Oral Presentation- Symposium 12th International Mammalogical Congress

Can we use conditioned taste aversion to mitigate cane toad impacts on northern quolls? (#449)

Naomi L Walters 1 2 , James Smith 1 , Ben Phillips 3 , Jonathan Webb 4
  1. Australian Wildlife Conservancy- Mornington Sanctuary, Derby, Western Australia, Australia
  2. School of Life Sciences, University of Technology, Sydney, Sydney, New South Wales, Australia
  3. School of Biosciences, University of Melbourne, Melbourne, Victoria, Australia
  4. School of Life Sciences, University of Technology, Sydney, Sydney, New South Wales, Australia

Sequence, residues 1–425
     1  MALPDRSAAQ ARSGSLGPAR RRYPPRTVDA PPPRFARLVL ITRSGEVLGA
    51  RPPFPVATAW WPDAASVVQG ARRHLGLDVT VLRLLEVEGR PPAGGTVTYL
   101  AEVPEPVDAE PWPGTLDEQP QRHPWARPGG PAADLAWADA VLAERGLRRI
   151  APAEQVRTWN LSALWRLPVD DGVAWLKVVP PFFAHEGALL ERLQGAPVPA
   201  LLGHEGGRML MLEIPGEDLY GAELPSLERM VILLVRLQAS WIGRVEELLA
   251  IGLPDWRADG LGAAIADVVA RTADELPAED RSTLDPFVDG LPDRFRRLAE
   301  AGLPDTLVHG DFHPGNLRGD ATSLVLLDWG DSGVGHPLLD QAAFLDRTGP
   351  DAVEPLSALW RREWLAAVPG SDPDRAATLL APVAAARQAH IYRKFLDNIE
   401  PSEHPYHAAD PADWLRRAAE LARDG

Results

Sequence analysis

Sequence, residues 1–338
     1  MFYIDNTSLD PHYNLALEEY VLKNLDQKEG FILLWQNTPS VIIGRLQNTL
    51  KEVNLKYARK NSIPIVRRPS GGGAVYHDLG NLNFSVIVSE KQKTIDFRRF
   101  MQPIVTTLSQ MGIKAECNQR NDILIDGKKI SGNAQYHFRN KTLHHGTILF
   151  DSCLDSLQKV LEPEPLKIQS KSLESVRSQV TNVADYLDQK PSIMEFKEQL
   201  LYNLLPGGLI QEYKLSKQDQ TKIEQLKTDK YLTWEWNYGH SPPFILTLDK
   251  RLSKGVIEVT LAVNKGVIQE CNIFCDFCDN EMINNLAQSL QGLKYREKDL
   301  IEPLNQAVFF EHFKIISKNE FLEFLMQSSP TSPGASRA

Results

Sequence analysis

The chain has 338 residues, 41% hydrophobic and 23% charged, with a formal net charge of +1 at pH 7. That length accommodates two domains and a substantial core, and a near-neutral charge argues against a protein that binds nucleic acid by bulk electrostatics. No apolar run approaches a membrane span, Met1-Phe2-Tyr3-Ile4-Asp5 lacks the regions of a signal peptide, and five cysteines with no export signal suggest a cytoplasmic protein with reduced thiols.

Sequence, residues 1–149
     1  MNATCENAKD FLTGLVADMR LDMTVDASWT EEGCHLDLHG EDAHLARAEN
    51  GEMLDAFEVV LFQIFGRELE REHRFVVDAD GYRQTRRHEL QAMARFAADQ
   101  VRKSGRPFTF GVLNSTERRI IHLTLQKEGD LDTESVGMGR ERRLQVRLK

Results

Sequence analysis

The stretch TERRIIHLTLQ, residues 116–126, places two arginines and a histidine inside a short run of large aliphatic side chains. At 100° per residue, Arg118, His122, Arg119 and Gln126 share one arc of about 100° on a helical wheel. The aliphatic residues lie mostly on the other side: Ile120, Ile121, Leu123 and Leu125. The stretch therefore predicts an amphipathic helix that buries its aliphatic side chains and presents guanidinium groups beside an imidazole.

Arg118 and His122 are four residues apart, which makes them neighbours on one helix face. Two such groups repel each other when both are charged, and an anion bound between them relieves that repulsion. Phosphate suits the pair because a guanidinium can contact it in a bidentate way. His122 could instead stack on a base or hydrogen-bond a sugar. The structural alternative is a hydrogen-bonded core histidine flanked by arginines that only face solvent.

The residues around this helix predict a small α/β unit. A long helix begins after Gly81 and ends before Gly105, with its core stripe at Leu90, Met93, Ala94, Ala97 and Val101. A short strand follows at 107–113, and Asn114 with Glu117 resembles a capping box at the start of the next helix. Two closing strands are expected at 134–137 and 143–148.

The invasion of toxic cane toads (Rhinella marina) has caused local extinctions of populations of the endangered northern quoll (Dasyurus hallucatus). Rather than attempting to halt the toad invasion, we trialled a novel method that used conditioned taste aversion to modify quoll behaviour. In the laboratory, we offered ‘toad aversion sausages’  to 25 captive northern quolls and measured their feeding responses when presented with a dead adult toad and/or a live toad metamorph the following evening. In the field, we offered toad sausages to wild quolls at bait stations in the Central Kimberley, Western Australia. Captive quolls that consumed a single toad sausage subsequently avoided dead adult cane toads and refused to attack live metamorph toads. Field trials showed that wild northern quolls readily consumed toad-aversion baits more frequently than non-target species inhabiting the study area. Through the use of Spot ID analysis software, we quantified bait uptake by individual quolls and the proportion of wild quolls that consumed baits. Furthermore we were able to quantify non-target species activity and uptake in association with bait. Our results suggest that toad-aversion sausages can be used to train wild quolls to not eat cane toads. Further work is needed to determine whether baiting can enhance population viability. Nonetheless, our results suggest that broad-scale deployment of toad aversion sausages should be feasible, and could be used by wildlife managers to prevent quoll extinctions at a landscape scale.